food in the arts


HEDA, Willem Claesz. (b. 1594, Haarlem, d. 1680, Haarlem)/ ARTISTS BEFORE 1650/ ART MAIN original lfff site
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Dutch still-life painter, active in Haarlem. He and Pieter Claesz. are the most important representatives of "ontbijt" (breakfast piece) painting in the Netherlands. His overall grey-green or brownish tonalities are very similar to those of Claesz., but Heda’s work was usually more highly finished and his taste was more aristocratic. He showed a preference for ham, mince-meat pie, and oysters, and after 1629 never included a herring in his pictures. His son Gerrit (d. 1702) was his most important pupil. literature and food
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   Die Maler (Achtschellinck bis Heda), Bd 1 –
  The Art of Describing: Dutch Art in the Seventeenth Century –

Breakfast Table with Blackberry Pie

Oil on wood, 54 x 82 cm
Gemäldegalerie, Dresden

     The Embarrassment of Riches: an Interpretation of Dutch Culture in the Golden Age –

The aesthetically conservative principle of tables arranged strictly parallel to the horizontal edges of the painting was followed by Nicolaes Gillis and Floris Claesz van Dijck. (Predecessors were probably family paintings such as Marten van Heemskerck’s.) Their still-lifes are classified as ‘ontbijtjes’ (breakfast still-lifes). Onbijt(je) was a light meal which could be taken at any time of the day.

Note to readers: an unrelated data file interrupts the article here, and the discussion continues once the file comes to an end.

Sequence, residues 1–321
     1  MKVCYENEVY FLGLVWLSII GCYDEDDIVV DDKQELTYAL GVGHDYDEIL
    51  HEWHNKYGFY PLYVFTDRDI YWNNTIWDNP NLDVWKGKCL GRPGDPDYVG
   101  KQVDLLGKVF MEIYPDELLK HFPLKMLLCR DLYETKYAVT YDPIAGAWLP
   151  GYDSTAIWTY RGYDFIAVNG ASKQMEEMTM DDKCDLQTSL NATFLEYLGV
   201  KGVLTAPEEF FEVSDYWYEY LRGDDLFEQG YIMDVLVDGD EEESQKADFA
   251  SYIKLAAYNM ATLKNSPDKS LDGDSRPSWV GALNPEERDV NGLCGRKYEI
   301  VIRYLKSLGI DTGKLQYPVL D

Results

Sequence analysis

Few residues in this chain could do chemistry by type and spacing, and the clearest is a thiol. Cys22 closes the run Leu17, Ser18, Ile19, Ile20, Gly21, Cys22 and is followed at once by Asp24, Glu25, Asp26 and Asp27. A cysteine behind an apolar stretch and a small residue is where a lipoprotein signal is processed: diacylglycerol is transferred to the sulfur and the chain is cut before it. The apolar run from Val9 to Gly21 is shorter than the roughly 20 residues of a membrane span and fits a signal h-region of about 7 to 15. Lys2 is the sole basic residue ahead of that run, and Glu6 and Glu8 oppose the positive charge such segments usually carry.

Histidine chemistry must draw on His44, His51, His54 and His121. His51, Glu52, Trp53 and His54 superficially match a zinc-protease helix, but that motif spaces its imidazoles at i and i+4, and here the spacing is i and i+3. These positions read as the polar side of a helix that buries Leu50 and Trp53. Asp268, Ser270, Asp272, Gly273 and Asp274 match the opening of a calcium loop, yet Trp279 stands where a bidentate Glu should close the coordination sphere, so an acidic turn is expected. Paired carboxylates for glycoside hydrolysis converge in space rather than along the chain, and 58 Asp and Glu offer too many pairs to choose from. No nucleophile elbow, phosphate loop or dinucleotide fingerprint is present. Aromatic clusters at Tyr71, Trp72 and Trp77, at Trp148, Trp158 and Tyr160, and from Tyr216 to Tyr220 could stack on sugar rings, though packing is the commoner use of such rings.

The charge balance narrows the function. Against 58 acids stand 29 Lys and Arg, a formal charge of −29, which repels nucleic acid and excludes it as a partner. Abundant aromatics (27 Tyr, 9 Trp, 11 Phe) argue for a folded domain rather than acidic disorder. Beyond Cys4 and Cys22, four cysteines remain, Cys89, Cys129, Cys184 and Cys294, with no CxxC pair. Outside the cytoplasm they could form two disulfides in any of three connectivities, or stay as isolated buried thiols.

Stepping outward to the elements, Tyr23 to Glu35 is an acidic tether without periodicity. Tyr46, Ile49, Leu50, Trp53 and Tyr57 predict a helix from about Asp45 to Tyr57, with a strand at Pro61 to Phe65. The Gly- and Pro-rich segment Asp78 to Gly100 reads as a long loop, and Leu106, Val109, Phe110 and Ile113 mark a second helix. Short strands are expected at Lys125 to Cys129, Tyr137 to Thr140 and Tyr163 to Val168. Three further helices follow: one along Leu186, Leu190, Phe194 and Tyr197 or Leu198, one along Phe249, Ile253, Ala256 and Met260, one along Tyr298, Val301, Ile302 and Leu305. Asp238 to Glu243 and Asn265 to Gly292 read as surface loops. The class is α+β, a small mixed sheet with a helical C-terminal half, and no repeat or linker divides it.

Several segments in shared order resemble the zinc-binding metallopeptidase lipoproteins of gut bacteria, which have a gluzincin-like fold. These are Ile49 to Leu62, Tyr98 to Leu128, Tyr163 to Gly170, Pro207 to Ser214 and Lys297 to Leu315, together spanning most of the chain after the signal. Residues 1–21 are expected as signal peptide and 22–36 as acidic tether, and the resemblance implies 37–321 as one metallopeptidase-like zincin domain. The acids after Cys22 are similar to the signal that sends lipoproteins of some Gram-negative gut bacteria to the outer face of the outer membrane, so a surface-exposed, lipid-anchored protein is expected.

All these artists show a table with a table runner and a carefully ironed, white damask tablecloth whose creases, regardless of the laws of perspective, run in parallel lines towards the back of the painting. A relatively high viewpoint was also chosen, apparently to afford a good overall survey of the objects, which are arranged side by side, or in a circle, hardly ever touching or overlapping. The precious drinking vessels and pieces of textile show very clearly that the arrangement is that of a privileged household.

In the early 1630s Heda began to use the compositional structures developed by Nicolaes Gillis and Floris van Dijck. Unlike those artists, however, he placed the white tablecloth on the left or right-hand edge of the table, so that the middle of the table is not covered and is no longer symmetric. In subsequent ‘banketjes’ (banquet pieces), the tablecloth was pushed further and further aside – as early as 1638 in Heda’s paintings – until it was actually crumpled. Whereas for quite some time food was shown as almost untouchable, precious and just for display, increasing traces of consumption are now visible. The objects were no longer merely intended to embody status-defining values, but became evidence of spontaneous acts which disrupted the festive structures of the framework.

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